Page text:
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Brexit and Irish Business

The economic and political uncertainty surrounding Brexit has been non-stop since the referendum in the UK in 2016 and there is very little sign if any of the uncertainty dissipating anytime soon. Predictions of Brexit trade-related risk exposure are in the region of 10% of GDP. Estimates of this level are not surprising, given our long history of trade and business links to the UK.

There is no doubt that Brexit, whatever its final outcome, will impact small businesses, but the impact is and will be different for different businesses. Businesses that trade with the UK will potentially be affected by currency fluctuations, trade tariffs and new regulations.

For some businesses, supply chains will be affected - for example, businesses that source products, components or services from the UK. Irish small businesses are likely to be disproportionately affected by a shock to supply chains as they comprise the majority of importers in certain sectors.

While some businesses do not have direct links with the UK, they will be affected by any contraction of the Irish economy in the aftermath of Brexit. There is evidence that Irish consumers are already predicting difficult times ahead. The uncertainty caused by Brexit will also be an obstacle for potential start-ups. Exporting to the UK usually serves as a great training ground for new businesses and entrepreneurs.

The uncertainty caused by Brexit is already impacting how small businesses in Ireland do business. Usually, in boom times, businesses invest and expand, but Brexit is already adversely affecting business confidence and investment. As Ireland’s economy continues to grow, some financial bodies are reporting that one in three SME’s have either postponed or cancelled investment plans due to Brexit. Investing in innovation and technology is important for growth, and so delayed investment and barriers to innovative activities in small businesses will have knock-on effects.

The economic impact of Brexit is negative, for both the UK, Ireland and the rest of the EU. For the UK, any trade arrangement reached after Brexit – barring full membership of the EU trading bloc, which the UK has ruled out (for now!)– will be less favourable than current arrangements. Economists have said that any new trade opportunities that the UK agrees elsewhere in the world will not make up for losses in trade with the EU.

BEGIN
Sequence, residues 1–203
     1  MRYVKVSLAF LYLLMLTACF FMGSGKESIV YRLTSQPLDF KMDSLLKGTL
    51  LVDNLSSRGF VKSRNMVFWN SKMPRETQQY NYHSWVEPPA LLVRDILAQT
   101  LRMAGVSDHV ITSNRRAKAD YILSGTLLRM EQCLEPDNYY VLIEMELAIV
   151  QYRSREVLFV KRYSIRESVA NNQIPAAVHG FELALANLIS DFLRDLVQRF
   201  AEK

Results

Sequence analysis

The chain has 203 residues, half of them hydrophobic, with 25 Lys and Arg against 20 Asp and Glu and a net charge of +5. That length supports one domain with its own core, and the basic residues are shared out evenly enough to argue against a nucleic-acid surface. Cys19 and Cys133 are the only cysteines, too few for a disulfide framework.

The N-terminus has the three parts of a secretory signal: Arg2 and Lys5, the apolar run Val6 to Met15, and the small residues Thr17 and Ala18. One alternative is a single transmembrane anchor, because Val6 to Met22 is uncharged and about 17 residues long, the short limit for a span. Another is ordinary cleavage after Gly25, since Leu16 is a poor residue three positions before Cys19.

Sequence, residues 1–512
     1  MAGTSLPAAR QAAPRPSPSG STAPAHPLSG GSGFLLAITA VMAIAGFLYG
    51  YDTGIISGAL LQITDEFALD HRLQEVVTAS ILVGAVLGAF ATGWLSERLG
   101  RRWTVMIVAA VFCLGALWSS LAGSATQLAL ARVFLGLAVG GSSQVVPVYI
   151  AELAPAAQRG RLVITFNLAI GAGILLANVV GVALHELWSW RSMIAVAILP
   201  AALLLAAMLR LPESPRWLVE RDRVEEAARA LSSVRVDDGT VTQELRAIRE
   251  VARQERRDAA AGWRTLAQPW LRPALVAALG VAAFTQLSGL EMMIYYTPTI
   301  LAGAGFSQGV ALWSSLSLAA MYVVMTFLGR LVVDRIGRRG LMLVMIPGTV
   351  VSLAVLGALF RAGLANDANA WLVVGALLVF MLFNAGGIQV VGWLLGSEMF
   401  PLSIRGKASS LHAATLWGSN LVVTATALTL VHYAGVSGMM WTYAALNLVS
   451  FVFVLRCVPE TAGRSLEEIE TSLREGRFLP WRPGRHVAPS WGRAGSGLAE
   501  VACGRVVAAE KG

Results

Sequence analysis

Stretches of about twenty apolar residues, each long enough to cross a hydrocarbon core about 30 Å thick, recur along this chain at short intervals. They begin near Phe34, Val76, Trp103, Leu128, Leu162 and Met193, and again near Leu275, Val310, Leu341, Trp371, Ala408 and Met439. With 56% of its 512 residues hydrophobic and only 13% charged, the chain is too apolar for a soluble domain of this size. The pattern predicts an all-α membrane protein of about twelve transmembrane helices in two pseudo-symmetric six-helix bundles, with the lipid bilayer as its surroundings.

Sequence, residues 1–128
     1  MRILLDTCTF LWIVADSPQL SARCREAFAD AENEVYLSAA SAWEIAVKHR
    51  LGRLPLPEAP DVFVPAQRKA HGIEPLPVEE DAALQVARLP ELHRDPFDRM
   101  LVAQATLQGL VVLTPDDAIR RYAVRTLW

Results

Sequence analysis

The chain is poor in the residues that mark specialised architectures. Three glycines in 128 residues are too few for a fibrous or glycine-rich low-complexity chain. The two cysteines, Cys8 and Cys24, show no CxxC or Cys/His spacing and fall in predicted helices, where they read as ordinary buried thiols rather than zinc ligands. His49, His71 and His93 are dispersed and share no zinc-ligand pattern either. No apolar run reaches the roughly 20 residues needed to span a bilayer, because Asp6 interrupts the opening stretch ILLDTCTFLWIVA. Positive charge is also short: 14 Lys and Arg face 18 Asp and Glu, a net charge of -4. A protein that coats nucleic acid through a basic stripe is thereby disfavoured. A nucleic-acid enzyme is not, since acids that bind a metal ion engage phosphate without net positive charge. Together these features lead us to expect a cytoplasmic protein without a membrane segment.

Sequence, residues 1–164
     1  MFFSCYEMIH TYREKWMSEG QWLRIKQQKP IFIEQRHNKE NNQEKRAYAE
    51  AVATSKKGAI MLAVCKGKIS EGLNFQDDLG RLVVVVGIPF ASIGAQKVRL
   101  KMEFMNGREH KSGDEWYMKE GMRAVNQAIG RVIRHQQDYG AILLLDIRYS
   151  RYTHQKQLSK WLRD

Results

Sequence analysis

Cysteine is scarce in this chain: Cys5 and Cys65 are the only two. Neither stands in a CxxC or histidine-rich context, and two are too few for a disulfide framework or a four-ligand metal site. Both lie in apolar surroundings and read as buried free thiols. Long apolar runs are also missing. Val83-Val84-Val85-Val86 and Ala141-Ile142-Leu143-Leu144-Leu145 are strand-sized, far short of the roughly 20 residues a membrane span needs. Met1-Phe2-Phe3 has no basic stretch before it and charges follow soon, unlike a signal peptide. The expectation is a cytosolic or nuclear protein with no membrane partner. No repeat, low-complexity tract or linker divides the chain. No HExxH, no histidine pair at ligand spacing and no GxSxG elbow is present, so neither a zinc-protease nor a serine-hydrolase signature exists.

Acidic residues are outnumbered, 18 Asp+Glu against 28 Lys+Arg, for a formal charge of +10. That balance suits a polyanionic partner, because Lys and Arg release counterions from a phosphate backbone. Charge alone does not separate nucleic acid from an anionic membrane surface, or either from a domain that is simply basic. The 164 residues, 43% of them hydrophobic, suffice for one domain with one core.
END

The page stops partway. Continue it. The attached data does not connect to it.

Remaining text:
For Ireland so far the main short-term impact has been a weaker sterling exchange rate, which is great if you’re going to the UK for a weekend break or to buy import a new car for example but bad if you’re an exporter to the UK market.

The tourism, food and drink and retail sectors are the ones most impacted so far.

To conclude, the three main concerns among businesses in the event of a hard Brexit are that trade with the UK would be less profitable, Irish customers would spend less and there would be a wider economic downturn in Europe.

How did we get here?

The UK voted to leave the EU in June 2016 by a majority of 51.9 to 48.1 per cent. This set the UK on course to leave the EU, but left all the details of its exit still to be decided. The timetable was set the following March, when Theresa May took the formal step of triggering Article 50. Under the two-year process the UK was due to leave the EU on March 29th, 2019 but that date was postponed for a number of weeks following a European Council meeting on March 21st and as a result of the latest Emergency Summit has now been extended again until October 31st

The talks between the UK and EU started in June 2017 and focused on the details of the UK’s withdrawal, which must be set down in a formal, legal agreement. Outline agreement was reached on what the UK will pay the EU after departure – the so-called exit bill or divorce bill – and on the mutual recognition of the rights of UK citizens in the EU and EU citizens in the UK.

In November, agreement was also reached on a backstop for the Irish border, a way to provide a guarantee that there be no hard border on the island of Ireland no matter what future trade arrangements are agreed. This cleared the way for a draft withdrawal agreement and final talks on a political declaration outlining the principles for future negotiations. This draft needs to be ratified politically by both sides. The process was subsequently thrown into crisis after Theresa May failed on a number of occasions to secure support from the House of Commons for her deal. Cross party talks have now begun to try to find a way forward to pass the withdrawal agreement.

If the withdrawal agreement is passed, a so-called transition period, a kind of standstill in current arrangements, would apply from the leaving date until December 2020, or 2022 if it is extended. This is to allow future trade arrangements and the wider on-going relationship between the EU and UK to be negotiated.

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